Overcoming moral distress: The dilemma of women health-care workers

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During the pandemic, physicians and other medical staff were portrayed in the media as both heroes and as professionals who are burned out and on the verge of leaving their chosen field. The truth is more complicated, as Dr. Julia Smith noted in her two presentations to VCH medical staff in celebration of International Women’s Day. Dr. Smith, an associate professor at SFU’s Faculty of Health Sciences and the lead for the health and social inequities theme at the Pacific Institute of Pathogens, Pandemics and Society, is known for her research into public health policy, feminist analysis, and global health governance. In her interactive presentations, she focused on recent research on women health-care workers’ experiences during the COVID-19 pandemic and the gender differences of experiencing moral distress during this fraught time.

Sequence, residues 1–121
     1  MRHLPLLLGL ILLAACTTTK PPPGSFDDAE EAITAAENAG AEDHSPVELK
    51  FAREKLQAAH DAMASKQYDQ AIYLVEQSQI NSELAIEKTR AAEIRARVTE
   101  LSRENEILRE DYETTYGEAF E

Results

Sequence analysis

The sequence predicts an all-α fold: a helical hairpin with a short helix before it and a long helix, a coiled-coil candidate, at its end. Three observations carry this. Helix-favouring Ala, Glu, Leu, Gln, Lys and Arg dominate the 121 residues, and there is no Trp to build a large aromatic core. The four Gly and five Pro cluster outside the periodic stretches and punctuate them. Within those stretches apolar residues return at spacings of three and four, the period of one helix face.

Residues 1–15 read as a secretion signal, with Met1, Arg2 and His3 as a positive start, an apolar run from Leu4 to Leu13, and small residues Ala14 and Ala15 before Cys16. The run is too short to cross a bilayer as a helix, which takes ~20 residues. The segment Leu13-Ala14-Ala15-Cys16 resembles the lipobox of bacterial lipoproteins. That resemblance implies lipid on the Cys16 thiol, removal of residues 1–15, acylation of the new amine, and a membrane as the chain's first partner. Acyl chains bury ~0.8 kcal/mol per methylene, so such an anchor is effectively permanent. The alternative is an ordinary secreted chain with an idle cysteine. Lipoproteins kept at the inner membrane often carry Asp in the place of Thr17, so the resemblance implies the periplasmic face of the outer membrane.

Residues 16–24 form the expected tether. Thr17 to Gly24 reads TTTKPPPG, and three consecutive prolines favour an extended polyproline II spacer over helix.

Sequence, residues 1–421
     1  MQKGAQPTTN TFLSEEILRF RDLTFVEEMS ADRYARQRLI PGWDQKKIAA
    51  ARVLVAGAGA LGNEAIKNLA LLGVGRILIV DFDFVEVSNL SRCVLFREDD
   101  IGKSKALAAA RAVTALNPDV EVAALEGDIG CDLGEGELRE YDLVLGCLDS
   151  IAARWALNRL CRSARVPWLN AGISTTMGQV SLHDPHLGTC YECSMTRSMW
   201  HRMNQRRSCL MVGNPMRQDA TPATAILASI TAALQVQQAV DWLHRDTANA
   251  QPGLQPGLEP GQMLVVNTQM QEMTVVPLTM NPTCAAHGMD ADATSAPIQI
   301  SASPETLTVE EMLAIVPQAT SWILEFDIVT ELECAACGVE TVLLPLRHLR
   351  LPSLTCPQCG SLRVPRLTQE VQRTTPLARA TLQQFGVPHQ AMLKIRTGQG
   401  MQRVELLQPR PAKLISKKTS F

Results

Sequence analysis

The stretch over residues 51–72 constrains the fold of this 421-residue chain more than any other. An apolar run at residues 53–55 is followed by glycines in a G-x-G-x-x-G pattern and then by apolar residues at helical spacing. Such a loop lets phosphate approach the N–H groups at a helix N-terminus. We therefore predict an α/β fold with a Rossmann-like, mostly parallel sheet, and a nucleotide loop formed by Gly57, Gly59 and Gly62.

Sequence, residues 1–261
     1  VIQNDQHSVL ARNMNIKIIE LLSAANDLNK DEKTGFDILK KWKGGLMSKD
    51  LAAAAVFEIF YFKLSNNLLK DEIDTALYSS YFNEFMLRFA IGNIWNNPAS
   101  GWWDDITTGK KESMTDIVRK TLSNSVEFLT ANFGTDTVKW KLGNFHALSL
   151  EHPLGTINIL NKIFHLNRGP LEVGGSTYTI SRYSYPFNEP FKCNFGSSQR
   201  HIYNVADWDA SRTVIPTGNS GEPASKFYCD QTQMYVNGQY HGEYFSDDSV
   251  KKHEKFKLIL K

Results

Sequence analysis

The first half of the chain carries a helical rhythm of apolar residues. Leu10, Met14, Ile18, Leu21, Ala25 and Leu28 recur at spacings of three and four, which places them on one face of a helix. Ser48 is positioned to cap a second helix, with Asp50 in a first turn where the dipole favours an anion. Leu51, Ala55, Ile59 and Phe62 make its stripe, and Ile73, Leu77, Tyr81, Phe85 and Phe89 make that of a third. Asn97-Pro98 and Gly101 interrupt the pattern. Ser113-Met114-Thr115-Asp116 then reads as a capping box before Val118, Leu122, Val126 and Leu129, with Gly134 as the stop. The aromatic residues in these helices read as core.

“It’s really important on International Women’s Day to celebrate all of who we are,” Dr. Smith told attendees, “in addition to our professions and the roles we fill. It helps us understand the complexities we live with and bring to our work, our allyship, our activism, and everything else we do.”

Feminist political economy 101

Dr. Smith began her talks by giving a brief overview of feminist political economy as one way to understand gender inequity. She noted the debate around agency (the power we have to make choices) and structure (social and institutional norms that facilitate or impede our ability to act on agency). She discussed the care economy and how women overwhelmingly do the double shift of paid and unpaid work and take on the majority of domestic and community management within a family unit. She also touched on the importance of resistance and resilience.